We got the Hasselback potato as a side. This is another Scandinavian specialty, where cuts are made into the potato before it's roasted and served topped with rye crumb. It had a lovely crunch but I found that it lacked a bit of seasoning.
The Swedish chocolate cake, on the other hand, was moist and light, with an intense chocolate cake. Served with ice cream and berries, we scraped the plate clean!
The other dessert we tried was the Mulled wine poached pear with beetroot sorbet and anglaise. Great combination of flavours and definitely a perfect dessert for winter.
Norsk Dor is a welcome addition to the Sydney food scene and we had a lovely dining experience. The staff were incredibly friendly, some of the best customer service I have had in a while.
Note: Since my dining experience here, Norsk Dor has changed their menu structure and now offers a set menu that changes daily.
One of the most memorable dining experiences ever was at Sepia several years ago. I had a chance to go back recently and was understandly super excited, but a tad nervous that sky high expectations might not be matched. I clearly needn't have worried.
The trio of amuse bouche of Saikou salmon, smoked scarlet prawn and Hiramasa kingfish looked absolutely divine. Encased in the perfectly spherical Saikou salmon were smoked salmon roe, bursting with flavour. The Kingfish wrapped in the wafer thin tatami iwashi (a blanket of dried little fish) was perfectly balanced with the jamon cream. The smoked prawn with carrot powder dumpling was incredibly delicate, but did not have the wow factor of the other two morsels.
The first course was the Spanner crab, sake vinegar jelly, brown butter emulsion, pea and horseradish. There was theatre at the table with the use of liquid nitrogen forming horseradish snow sprinkled over the dish. The crab meat was so sweet and tender (having been cooked in butter at 70 degrees). The fine sheet of sake vinegar jelly draped over the crab meat added some tangy notes, pairing wonderfully with the creamy brown butter emulsion which reminded me of the buttery base of a cheesecake. All the flavours worked really harmoniously together and did not overpower the spanner crab.
The next course of Sea scallop, macadamia nut cream, quail egg looked incredible as it arrived at our table. The scallops were sweet and plump, delicately matched with a smooth macadamia nut cream. The 'wreath' of scallop crackling with flowers added a nice textural touch to the dish.
The Charcoal grilled black lip abalone was very tender to eat, with almost a 'meaty' texture. The dashi cream and wakame oil gave it a great depth of flavour.
Continuing the seafood theme, the Bonito with roasted chicken cream, smoked soy and caviar was on point for flavour. The star of the dish for me was the luscious roasted chicken cream - made from the roasting of several chickens with butter, white wine and herbs.
The next dish of Seared uni with smoked bone marrow, cauliflower, yuzu kosho and toasted milk bread was small in size but ginormous in flavour. All the components worked well together and really enhanced the flavour of the uni.
Onto the mains: we started with the Roasted Aylesbury duck breast. It would be hard to find a more perfectly cooked piece of duck - perfectly pink and tender. The mulberry vinegar really gave the dish a slight acidic kick, balanced perfectly with the sheep yoghurt.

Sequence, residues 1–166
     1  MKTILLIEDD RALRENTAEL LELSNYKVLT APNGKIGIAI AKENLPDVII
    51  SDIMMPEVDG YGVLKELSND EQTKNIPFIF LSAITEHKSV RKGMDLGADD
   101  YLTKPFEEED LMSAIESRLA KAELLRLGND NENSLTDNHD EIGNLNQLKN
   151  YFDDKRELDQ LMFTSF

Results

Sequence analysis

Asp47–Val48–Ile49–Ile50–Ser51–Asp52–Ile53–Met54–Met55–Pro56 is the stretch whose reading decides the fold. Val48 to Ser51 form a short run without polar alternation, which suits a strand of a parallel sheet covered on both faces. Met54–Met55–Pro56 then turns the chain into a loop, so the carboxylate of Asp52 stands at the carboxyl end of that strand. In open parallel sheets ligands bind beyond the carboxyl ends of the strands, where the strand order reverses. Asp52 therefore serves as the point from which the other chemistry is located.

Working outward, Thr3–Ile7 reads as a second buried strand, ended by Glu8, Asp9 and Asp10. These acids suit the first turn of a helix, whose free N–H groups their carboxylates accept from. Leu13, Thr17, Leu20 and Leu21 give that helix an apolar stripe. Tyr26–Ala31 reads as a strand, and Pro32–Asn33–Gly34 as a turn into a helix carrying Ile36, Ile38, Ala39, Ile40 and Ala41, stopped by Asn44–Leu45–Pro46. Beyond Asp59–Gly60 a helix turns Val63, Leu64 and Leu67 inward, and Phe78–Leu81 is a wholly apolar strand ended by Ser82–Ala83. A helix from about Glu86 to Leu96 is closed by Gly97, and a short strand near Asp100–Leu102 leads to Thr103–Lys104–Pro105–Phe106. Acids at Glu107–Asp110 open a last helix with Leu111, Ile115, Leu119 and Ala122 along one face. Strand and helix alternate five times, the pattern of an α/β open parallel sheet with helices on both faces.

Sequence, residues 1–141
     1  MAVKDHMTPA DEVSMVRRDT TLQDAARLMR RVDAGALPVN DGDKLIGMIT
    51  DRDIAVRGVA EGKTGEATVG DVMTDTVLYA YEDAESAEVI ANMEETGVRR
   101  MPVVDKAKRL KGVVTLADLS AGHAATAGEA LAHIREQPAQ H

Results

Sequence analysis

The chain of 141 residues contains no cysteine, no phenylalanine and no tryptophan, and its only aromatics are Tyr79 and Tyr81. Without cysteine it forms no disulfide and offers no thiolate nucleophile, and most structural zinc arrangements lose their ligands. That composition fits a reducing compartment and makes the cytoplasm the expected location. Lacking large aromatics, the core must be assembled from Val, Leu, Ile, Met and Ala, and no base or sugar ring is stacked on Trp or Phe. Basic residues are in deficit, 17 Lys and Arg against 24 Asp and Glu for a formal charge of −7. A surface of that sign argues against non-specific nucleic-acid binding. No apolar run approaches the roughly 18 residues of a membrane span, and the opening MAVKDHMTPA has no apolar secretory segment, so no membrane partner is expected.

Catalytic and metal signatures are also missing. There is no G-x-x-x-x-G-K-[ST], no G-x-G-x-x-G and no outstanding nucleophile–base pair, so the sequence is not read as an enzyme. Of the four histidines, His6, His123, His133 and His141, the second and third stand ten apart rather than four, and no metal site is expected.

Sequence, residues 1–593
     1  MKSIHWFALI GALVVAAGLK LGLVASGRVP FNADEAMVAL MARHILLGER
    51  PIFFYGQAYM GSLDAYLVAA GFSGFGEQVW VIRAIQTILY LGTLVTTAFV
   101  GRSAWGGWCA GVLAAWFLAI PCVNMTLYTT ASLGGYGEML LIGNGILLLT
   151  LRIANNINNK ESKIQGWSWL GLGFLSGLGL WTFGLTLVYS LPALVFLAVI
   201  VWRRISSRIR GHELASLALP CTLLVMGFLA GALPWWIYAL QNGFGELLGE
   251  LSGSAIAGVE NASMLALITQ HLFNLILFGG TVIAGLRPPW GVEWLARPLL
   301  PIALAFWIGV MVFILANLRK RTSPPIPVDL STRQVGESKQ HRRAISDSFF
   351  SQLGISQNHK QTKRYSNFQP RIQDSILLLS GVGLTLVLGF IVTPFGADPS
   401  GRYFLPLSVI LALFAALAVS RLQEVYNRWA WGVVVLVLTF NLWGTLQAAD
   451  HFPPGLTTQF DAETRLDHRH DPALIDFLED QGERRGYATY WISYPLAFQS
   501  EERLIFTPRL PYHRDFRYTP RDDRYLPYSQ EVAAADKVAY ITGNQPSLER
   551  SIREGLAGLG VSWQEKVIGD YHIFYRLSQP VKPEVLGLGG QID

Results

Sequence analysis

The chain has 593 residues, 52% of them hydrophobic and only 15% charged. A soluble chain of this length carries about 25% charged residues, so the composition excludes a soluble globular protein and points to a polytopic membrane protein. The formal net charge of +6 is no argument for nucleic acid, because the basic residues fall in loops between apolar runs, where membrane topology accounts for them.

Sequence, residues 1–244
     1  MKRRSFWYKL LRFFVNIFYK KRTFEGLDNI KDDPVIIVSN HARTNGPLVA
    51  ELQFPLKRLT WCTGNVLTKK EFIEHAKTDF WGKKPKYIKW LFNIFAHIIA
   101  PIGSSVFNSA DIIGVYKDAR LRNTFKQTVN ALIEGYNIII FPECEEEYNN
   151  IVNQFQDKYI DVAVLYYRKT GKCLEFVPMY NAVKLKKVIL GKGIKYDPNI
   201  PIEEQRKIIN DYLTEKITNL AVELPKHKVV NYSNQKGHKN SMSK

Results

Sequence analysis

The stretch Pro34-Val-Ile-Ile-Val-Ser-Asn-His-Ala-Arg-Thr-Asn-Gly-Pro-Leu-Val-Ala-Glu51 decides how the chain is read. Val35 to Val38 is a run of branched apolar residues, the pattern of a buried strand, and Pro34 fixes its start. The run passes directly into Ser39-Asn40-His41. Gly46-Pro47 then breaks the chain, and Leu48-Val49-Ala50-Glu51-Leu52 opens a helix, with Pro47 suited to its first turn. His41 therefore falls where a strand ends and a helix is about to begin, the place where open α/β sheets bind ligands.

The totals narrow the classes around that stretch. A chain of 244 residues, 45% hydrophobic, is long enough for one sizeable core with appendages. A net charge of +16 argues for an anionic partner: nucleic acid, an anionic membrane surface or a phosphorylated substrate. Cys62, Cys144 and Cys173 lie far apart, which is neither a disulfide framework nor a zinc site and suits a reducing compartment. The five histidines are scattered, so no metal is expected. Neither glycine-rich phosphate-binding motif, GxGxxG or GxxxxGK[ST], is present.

The David Blackmore wagyu with Jerusalem artichoke, miso and pine mushrooms was one of my favourite dishes of the night. Apart from looking spectacular, the wagyu was incredibly tender and buttery, combining so well with the sweet, creamy miso. The pine mushrooms on top were just absolutely bursting with flavour.
Even though I was starting to feel a bit full, I couldn't go past the optional cheese cost of Comte and pear jelly. The dish looked amazing - the pear was lying on a bed of shaved comte, interspersed with walnuts and celery. The pear was actually made of sorbet and inside was a mix of liquid cheese with pear jelly. It's probably the most inventive cheese course I've ever had. But be warned - it's best to share the cheese course as it is quite a lot of cheese!
Getting us in the mood for dessert was the Raspberry, salted white chocolate chantilly with wild strawberry syrup. I thought the texture would be similar to granita, but it was a bit more creamy and melted away as soon as it entered my mouth.
The first dessert of Milks involved eight different textures of milk - incredible! The smorgasboard of flavours and textures, ranging from coconut yoghurt to sheep milk sorbet and milk cake was amazing.
Now for Sepia's signature dessert - the Winter Chocolate Forest. The Chocolate Forest is an absolute joy to eat. Every spoonful, you discover a different flavour and texture combination. There's the aniseed flavours of the fennel fronds and the licorice juxtaposed against the smooth blackberry sorbet, the sweetness of the rose jellies and of course, the rich chocolate soil.
One more thing - Sepia has an incredible tea menu and if you want something other than wine, I would highly recommend it. The teas were served hot then poured over a jug full of ice. I can't recall exactly the varieties we tried but they were delicious and refreshing, well worth trying.
It's hard not to be wowed by Martin Benn's Sepia. The meal was nicely paced, service was impeccable and every dish was beautifully presented. The food is exceptional and each plate of food is a wonderful showcase of balancing flavours and textures. Sepia will continue to be one of my favourite restaurants in Sydney.